Coastal Mountains Land Trust offers landowners two primary ways to permanently conserve their land: by transferring ownership to the Land Trust, or by placing a conservation easement on the land.
Questions about land conservation? Contact Heather Rogers, our Land Protection Program Director. Email her at email@example.com, or phone 207-236-7091.
The Value of Conserved Land
Coastal Mountains Land Trust actively works to conserve land for the public benefit. Our priorities are conserving lands that support and contain:
- Key wildlife habitat supporting biological diversity
- Rivers, lakes, wetlands, and the bay
- Scenic landscapes essential to our sense of place
- Public access to natural areas for hiking, paddling, swimming, hunting, winter recreation, mountain biking, and other forms of outdoor enjoyment
- Working farms and forests that support our community
- Trails and connectivity between people and nature
- Opportunities for building community
Land Transfers & Conservation Easements
By transferring ownership of a property to Coastal Mountains Land Trust, a landowner protects their property by transfer of title. Coastal Mountains Land Trust then owns the land and manages it as a Preserve, ensuring that its conservation values are conserved forever.
Our Preserves are stewarded to protect wildlife habitat and biodiversity, while providing opportunities for low-impact recreation or outdoor education.
In some cases, Coastal Mountains Land Trust may purchase land located within a focus area. Our focus areas have been identified in a conservation planning process that analyzed our service region to find the highest priority areas to conserve for their habitat value, recreation opportunities, or community resources.
Conservation easements are recorded legal agreements between private landowners and Coastal Mountains Land Trust that place permanent restrictions on the use of the land in order to protect the conservation values of that property. The Land Trust is responsible for enforcing these restrictions in perpetuity.
Conservation easement restrictions range from limiting residential or commercial use of the land to those that require the land to remain forever wild. Some easements allow for sustainable forestry or farming; a few easements Coastal Mountains Land Trust holds grant us the right to create a public trail on the land. The landowner continues to own the land, and it can be sold or passed along to the landowner’s heirs; always subject to the restrictions of the easement.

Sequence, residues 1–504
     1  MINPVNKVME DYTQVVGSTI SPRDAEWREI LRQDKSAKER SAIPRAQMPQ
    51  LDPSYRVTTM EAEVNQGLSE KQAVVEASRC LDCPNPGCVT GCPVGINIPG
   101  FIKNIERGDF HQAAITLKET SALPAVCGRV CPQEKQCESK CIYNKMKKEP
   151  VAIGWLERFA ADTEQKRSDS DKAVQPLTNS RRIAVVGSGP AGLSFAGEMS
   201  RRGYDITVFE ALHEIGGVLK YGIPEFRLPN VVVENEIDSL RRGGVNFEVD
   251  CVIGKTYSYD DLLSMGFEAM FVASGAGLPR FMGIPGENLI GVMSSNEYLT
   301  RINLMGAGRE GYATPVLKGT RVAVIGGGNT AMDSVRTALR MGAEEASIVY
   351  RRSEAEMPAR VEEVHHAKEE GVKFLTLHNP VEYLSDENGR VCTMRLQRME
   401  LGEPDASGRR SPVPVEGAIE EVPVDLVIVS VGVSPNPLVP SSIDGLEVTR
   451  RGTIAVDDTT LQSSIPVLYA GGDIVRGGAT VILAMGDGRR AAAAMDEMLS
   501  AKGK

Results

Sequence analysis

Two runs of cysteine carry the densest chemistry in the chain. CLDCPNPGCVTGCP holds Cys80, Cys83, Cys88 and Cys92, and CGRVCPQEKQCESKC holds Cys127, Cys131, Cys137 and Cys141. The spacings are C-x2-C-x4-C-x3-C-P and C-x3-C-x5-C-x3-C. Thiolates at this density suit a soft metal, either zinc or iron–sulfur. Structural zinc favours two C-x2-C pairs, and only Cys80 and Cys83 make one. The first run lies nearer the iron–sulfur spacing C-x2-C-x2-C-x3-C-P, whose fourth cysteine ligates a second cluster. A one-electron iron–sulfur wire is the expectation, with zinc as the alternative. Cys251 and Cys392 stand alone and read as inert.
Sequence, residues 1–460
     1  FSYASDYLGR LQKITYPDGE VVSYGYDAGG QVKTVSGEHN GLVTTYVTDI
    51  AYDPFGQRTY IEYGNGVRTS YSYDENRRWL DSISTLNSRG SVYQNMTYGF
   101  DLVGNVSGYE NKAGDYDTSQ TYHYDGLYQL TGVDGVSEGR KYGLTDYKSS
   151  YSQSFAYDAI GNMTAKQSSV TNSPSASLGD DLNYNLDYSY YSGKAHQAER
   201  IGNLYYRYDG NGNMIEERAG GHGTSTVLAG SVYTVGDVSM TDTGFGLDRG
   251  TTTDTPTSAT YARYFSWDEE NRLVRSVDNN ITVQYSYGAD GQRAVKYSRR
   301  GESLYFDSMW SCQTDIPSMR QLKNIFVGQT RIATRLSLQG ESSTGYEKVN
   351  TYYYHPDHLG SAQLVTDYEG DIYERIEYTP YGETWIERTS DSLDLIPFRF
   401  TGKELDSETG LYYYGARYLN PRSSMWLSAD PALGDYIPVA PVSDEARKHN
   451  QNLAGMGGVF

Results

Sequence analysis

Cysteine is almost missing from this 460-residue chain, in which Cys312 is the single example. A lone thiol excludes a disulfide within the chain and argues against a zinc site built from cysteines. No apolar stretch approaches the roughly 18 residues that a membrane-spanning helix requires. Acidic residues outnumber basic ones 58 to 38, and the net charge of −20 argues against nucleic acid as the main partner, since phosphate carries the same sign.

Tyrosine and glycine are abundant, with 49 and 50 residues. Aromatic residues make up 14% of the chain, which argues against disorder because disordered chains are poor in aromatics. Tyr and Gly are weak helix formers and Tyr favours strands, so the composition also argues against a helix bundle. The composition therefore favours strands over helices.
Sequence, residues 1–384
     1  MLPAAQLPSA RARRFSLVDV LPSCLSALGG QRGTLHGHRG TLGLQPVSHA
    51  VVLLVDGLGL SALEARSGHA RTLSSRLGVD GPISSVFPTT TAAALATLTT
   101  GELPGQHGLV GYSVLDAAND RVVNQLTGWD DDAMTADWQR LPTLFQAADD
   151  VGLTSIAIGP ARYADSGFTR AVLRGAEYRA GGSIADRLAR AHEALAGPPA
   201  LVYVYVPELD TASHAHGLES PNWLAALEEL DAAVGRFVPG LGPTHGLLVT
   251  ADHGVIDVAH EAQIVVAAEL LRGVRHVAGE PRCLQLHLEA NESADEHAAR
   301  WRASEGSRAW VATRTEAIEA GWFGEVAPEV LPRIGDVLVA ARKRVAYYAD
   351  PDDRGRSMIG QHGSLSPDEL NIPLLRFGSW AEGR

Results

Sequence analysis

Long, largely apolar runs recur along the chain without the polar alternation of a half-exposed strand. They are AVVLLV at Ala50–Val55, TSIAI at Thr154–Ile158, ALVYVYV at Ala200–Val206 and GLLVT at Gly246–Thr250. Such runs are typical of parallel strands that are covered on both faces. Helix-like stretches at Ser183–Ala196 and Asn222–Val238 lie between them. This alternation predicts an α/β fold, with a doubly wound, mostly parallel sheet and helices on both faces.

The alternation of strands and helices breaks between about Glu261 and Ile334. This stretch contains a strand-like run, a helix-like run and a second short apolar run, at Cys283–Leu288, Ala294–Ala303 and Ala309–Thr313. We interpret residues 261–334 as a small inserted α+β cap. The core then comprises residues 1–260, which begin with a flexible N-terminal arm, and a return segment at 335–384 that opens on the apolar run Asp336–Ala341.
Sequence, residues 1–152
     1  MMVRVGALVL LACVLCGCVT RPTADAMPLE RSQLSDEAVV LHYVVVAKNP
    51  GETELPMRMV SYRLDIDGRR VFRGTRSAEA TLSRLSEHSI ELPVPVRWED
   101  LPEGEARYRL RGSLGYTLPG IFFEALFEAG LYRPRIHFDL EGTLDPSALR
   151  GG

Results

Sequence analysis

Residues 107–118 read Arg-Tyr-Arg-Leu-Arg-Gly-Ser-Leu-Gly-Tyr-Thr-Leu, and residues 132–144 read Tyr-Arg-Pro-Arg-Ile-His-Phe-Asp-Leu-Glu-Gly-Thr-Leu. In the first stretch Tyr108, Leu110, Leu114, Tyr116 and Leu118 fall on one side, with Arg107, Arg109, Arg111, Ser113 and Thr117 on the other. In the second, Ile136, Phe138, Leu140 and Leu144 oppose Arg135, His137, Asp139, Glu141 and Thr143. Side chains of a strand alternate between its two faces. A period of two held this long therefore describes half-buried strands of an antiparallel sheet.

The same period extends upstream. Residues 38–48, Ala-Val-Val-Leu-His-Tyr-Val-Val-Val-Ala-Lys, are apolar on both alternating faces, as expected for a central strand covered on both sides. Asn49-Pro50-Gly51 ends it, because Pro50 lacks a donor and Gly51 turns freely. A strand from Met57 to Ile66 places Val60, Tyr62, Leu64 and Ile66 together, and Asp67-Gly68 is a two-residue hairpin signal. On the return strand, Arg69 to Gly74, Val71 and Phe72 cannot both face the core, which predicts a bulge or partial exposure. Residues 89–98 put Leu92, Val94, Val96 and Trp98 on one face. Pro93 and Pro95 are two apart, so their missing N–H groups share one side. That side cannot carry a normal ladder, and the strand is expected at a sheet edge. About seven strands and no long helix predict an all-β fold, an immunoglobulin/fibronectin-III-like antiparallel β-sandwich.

Additional Conservation Options
There are other ways to conserve land, including granting a remainder interest in your land, selling your property at a bargain sale, or granting a trail easement on a portion of your land.
In addition to the assurance that you are leaving a legacy for future generations, donating land or a conservation easement can offer potential financial benefits.
If a donation of land or a conservation easement benefits the public by permanently protecting important conservation resources, and meets other federal tax code requirements, it can qualify as a tax-deductible charitable gift. Granting a conservation easement on your land may result in property tax savings, and can make it easier to pass undeveloped land on to the next generation of your family.
However, there will also likely be project-specific costs that are borne by the landowner, including legal fees and survey expenses. The costs depend on the size and complexity of a project.
This information does not constitute legal or tax advice. Coastal Mountains Land Trust recommends that landowners consult with a tax advisor, estate planner, and attorney before proceeding with a charitable gift of land or a conservation easement.
Please contact us for more detailed information specific to your land and goals.